Elizabeth Bruenig: What ‘The Last Jedi’ gets wrong about fascism

Elizabeth Bruenig is a columnist for The Washington Post.

The “Star Wars” franchise’s latest evil government, the First Order, seems carefully crafted to send a shiver down contemporary spines. Based on an alpine-looking ice planet, run by crisp functionaries in sharply tailored uniforms and armed with world-destroying weaponry, the First Order hearkens back to fascist regimes of the 20th century. But the most frightening thing about the First Order, as far as real-world audiences ought to be concerned, is the radical inequality festering in the society it aims to rule.

 

In the world depicted in “The Last Jedi,” the relationship between mass politics and the First Order is never made entirely clear; the regime seems to have manifested out of some dark energy conjured by its diabolical alien leader and, this being a mass-market sci-fi flick, we can’t fault it too much for that.

But the film does linger on the shape of its characters’ economy: upside-down, one gathers. Wealthy arms dealers and other rich characters decked in haute couture throw money down and drinks back in glittering casinos while dirty-faced children muck out stalls for alien beasts roughly akin to terrestrial racehorses. This inequality is adduced as a source of strength for the Resistance. At the film’s conclusion, a child laborer is seen using the Force to summon a broom for his chores, glancing at a Resistance emblem and gazing up hopefully toward the stars. Things simply can’t go on this way, we’re meant to conclude; the oppression of the many by the few will eventually be righted via popular uprising. Resistance, to borrow a trope from another star-franchise, is not futile.

If only it were that easy: the bad guys openly callous and hostile to peace and prosperity, the good guys obviously and genuinely humane, and the citizenry alert and attuned to the difference. In reality, the economic conditions sketched in “The Last Jedi” are perfectly primed to give rise to the very sort of fascist regimes the film seems to think they’re naturally antithetical to.

Filmic fascism may arise from the shadowy machinations of evil mystics, but in life, fascists neither arrive on the political scene ex nihilo nor present themselves as straightforwardly evil. On the contrary, fascists frequently lean into concerns about class struggles, rhetorically throwing in their lot with the downtrodden. Germany’s Nazi Party was putatively socialist, though its commitment to addressing the interests of workers was never much more than empty verbiage. Hitler found the word “socialism” both useful and troublesome: It allowed him to tap into the frustration of dispossessed workers, but also obligated him and his party to pursue solutions they didn’t actually favor and had no real intention of accomplishing.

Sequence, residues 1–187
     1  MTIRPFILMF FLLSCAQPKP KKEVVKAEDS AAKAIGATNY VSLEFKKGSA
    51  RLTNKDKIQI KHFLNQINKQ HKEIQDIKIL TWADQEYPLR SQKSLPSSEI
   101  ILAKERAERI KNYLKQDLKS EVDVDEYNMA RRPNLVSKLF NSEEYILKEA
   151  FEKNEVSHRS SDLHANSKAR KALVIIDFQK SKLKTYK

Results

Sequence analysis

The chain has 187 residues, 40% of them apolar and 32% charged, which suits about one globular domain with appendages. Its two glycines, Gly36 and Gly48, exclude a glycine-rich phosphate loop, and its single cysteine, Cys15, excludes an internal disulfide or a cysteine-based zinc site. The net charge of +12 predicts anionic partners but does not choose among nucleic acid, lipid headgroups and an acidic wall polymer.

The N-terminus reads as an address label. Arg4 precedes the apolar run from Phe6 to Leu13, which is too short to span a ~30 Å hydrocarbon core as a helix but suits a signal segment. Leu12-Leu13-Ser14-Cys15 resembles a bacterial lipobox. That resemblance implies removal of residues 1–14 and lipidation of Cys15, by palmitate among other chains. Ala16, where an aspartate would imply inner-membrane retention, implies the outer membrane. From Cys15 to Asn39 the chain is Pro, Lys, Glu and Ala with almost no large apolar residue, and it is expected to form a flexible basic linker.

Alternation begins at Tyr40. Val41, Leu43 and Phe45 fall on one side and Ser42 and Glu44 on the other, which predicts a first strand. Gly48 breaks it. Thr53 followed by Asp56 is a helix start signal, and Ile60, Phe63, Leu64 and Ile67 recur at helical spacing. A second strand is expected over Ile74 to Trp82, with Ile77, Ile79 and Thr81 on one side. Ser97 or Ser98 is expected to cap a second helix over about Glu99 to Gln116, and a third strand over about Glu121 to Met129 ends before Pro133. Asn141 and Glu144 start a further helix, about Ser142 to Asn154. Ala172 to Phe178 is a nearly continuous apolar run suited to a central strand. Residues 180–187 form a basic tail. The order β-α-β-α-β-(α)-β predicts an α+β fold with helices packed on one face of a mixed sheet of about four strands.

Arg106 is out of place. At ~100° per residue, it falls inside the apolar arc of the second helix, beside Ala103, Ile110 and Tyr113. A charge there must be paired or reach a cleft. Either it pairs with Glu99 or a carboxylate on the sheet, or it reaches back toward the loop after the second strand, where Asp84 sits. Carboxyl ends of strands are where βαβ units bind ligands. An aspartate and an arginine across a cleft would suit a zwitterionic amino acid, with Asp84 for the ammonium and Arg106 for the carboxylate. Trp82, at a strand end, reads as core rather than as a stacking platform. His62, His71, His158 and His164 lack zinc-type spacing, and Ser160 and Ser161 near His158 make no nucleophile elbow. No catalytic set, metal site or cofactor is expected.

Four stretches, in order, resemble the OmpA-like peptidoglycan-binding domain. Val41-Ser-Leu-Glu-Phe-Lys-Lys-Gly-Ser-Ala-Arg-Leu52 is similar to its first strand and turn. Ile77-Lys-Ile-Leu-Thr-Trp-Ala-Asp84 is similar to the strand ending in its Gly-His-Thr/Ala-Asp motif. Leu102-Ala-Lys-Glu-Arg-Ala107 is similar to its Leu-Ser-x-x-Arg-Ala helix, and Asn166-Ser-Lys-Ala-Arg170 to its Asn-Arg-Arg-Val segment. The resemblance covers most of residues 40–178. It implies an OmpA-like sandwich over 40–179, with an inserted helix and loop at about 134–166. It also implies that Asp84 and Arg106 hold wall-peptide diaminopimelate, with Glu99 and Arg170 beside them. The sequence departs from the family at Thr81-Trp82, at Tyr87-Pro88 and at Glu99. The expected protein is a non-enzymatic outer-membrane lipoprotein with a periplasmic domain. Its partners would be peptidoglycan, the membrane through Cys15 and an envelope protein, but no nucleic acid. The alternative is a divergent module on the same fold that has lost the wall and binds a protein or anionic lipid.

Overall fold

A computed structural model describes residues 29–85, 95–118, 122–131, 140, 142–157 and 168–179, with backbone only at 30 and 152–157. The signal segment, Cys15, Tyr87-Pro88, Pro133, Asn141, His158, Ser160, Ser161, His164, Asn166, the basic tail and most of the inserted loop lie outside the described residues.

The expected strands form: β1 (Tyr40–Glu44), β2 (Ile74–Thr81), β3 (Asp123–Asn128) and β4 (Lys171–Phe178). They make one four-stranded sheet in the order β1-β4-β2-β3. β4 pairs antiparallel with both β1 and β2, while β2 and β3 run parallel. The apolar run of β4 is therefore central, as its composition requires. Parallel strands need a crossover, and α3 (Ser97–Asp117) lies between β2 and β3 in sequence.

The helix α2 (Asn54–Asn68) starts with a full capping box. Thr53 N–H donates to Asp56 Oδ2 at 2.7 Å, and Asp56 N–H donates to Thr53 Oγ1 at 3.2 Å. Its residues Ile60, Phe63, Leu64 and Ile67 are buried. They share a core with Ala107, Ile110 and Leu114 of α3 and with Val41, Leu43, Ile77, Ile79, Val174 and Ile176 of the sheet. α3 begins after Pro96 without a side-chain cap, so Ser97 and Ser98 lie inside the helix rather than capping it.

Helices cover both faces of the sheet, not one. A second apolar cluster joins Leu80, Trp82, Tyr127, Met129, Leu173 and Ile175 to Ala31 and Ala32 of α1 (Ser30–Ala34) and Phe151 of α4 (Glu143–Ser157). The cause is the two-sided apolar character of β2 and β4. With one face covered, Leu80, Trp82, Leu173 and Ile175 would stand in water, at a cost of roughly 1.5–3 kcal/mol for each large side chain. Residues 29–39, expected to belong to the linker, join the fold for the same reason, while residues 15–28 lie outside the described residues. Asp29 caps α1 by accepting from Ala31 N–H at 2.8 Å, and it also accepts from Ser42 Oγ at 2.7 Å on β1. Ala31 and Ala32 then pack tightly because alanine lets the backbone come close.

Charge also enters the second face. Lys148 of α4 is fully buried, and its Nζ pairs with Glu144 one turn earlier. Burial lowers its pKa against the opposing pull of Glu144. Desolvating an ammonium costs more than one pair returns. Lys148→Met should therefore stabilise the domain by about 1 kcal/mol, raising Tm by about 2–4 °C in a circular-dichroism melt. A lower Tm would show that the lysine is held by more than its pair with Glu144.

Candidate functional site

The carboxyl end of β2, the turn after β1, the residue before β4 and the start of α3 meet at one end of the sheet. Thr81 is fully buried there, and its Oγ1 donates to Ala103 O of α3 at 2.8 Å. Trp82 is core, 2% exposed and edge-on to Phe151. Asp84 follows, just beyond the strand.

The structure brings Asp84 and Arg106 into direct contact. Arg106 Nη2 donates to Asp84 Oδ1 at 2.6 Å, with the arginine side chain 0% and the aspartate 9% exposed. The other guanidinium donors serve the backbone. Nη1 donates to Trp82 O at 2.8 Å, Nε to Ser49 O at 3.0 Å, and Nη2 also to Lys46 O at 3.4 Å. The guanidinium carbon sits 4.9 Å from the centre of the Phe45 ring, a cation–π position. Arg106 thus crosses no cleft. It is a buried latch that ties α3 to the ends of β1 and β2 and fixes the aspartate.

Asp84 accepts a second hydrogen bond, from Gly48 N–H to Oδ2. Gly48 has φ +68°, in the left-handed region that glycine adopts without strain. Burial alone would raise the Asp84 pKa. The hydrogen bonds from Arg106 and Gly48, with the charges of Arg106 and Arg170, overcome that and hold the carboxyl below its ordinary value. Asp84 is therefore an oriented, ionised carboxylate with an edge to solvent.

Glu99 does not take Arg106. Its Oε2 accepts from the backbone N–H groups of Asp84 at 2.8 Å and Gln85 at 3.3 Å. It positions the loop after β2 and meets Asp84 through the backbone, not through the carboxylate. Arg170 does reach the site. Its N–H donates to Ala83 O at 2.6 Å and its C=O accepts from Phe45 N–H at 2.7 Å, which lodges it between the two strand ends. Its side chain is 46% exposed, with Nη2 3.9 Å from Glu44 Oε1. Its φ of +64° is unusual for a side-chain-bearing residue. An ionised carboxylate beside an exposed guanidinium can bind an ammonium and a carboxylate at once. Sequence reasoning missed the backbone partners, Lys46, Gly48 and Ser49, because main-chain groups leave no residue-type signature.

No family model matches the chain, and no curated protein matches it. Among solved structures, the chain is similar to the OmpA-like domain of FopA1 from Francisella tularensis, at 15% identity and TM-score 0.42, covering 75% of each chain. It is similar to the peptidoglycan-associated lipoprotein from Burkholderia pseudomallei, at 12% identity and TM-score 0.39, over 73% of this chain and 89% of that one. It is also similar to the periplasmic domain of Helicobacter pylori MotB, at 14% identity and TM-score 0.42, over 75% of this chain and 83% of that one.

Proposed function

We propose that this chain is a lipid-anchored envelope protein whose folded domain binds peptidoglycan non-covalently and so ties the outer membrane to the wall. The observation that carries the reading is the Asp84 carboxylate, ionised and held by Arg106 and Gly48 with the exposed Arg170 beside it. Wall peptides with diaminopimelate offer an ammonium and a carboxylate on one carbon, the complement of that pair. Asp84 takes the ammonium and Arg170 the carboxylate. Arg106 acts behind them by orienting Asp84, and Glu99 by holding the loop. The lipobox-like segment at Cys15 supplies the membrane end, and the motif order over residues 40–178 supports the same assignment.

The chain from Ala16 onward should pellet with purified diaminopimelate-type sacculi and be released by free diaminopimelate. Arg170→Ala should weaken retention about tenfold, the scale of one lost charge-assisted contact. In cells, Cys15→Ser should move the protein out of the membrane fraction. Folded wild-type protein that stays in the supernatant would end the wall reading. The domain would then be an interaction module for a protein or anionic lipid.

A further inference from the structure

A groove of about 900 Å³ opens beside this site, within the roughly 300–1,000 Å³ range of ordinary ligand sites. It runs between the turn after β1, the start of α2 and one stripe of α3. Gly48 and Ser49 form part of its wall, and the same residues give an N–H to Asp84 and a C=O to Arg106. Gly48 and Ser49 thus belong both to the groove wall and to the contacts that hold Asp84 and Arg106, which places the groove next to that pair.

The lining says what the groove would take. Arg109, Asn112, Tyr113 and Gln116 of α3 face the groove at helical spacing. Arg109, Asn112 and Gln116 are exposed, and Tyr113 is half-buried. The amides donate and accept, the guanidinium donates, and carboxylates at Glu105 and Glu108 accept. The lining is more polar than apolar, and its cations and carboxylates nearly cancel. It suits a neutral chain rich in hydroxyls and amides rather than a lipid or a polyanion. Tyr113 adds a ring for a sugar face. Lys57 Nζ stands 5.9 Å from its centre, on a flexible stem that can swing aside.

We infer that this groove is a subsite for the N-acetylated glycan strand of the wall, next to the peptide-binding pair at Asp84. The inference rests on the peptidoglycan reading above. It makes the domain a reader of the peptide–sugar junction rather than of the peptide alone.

As scholar Tom Childers wrote for The Post, “Hitler understood that there are times when desperate, angry people want two and two to be five, and he swore that the Nazis would make it so,” largely by making contradictory pledges to different groups of hurting people: “higher sale prices for farmers and lower food prices for workers in the cities,” for example.

In their hands, fascists claim, capitalism can be tamed and the pain of workers reduced, thereby preserving the hierarchy of society by not allowing the divisions sown by mass inequality to collapse the entire system. German and Italian fascists both offered up such promises, as did Latin American variants on the same theme.

The fascists of the First Order don’t seem as politically adept as their real-world predecessors. In his speech on the eve of the destruction of the free New Republic, the First Order’s General Hux referred to the Republic’s alleged disorder and lawlessness, both common enough fascist complaints, but didn’t spare a moment to meditate on the vast socioeconomic divisions causing desperation and discord in nearby provinces he ostensibly means to annex.

There are worse things for a movie to miss. But it’s worth keeping in mind that inequality is no guarantee that a popular politics of democratic resistance will thrive. If history is instructive, in fact, inequality, social unrest and instability provide fertile ground for the rise of fascism. If today’s resistance-minded folk are interested in preventing the rise of a less imaginary First Order, eliminating inequality — not just reconceptualizing it as an engine of popular opposition — should be a top priority.

Elizabeth Bruenig is a columnist for The Washington Post.

 

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